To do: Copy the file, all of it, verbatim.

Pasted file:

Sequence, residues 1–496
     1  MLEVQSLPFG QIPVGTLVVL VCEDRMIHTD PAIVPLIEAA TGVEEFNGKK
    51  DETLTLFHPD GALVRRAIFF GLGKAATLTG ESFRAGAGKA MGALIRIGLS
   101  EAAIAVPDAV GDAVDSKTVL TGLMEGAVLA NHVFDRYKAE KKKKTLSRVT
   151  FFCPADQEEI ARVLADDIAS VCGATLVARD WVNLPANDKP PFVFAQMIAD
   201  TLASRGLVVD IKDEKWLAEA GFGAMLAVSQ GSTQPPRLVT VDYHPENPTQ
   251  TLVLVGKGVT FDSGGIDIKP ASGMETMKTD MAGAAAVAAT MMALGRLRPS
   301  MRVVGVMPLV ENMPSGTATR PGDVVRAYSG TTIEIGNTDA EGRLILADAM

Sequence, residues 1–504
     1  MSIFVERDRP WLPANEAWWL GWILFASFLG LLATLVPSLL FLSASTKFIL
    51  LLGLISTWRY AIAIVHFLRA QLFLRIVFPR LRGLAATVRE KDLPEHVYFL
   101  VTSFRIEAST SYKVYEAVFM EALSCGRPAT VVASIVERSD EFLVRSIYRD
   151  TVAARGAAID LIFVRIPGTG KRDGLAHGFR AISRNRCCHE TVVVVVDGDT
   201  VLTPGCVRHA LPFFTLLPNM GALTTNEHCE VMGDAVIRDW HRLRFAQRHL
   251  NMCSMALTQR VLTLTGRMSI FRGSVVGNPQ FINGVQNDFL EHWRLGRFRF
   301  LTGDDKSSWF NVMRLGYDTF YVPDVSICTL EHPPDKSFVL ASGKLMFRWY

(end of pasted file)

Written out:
Sequence, residues 1–496
     1  MLEVQSLPFG QIPVGTLVVL VCEDRMIHTD PAIVPLIEAA TGVEEFNGKK
    51  DETLTLFHPD GALVRRAIFF GLGKAATLTG ESFRAGAGKA MGALIRIGLS
   101  EAAIAVPDAV GDAVDSKTVL TGLMEGAVLA NHVFDRYKAE KKKKTLSRVT
   151  FFCPADQEEI ARVLADDIAS VCGATLVARD WVNLPANDKP PFVFAQMIAD
   201  TLASRGLVVD IKDEKWLAEA GFGAMLAVSQ GSTQPPRLVT VDYHPENPTQ
   251  TLVLVGKGVT FDSGGIDIKP ASGMETMKTD MAGAAAVAAT MMALGRLRPS
   301  MRVVGVMPLV ENMPSGTATR PGDVVRAYSG TTIEIGNTDA EGRLILADAM

Sequence, residues 1–504
     1  MSIFVERDRP WLPANEAWWL GWILFASFLG LLATLVPSLL FLSASTKFIL
    51  LLGLISTWRY AIAIVHFLRA QLFLRIVFPR LRGLAATVRE KDLPEHVYFL
   101  VTSFRIEAST SYKVYEAVFM EALSCGRPAT VVASIVERSD EFLVRSIYRD
   151  TVAARGAAID LIFVRIPGTG KRDGLAHGFR AISRNRCCHE TVVVVVDGDT
   201  VLTPGCVRHA LPFFTLLPNM GALTTNEHCE VMGDAVIRDW HRLRFAQRHL
   251  NMCSMALTQR VLTLTGRMSI FRGSVVGNPQ FINGVQNDFL EHWRLGRFRF
   301  LTGDDKSSWF NVMRLGYDTF YVPDVSICTL EHPPDKSFVL ASGKLMFRWY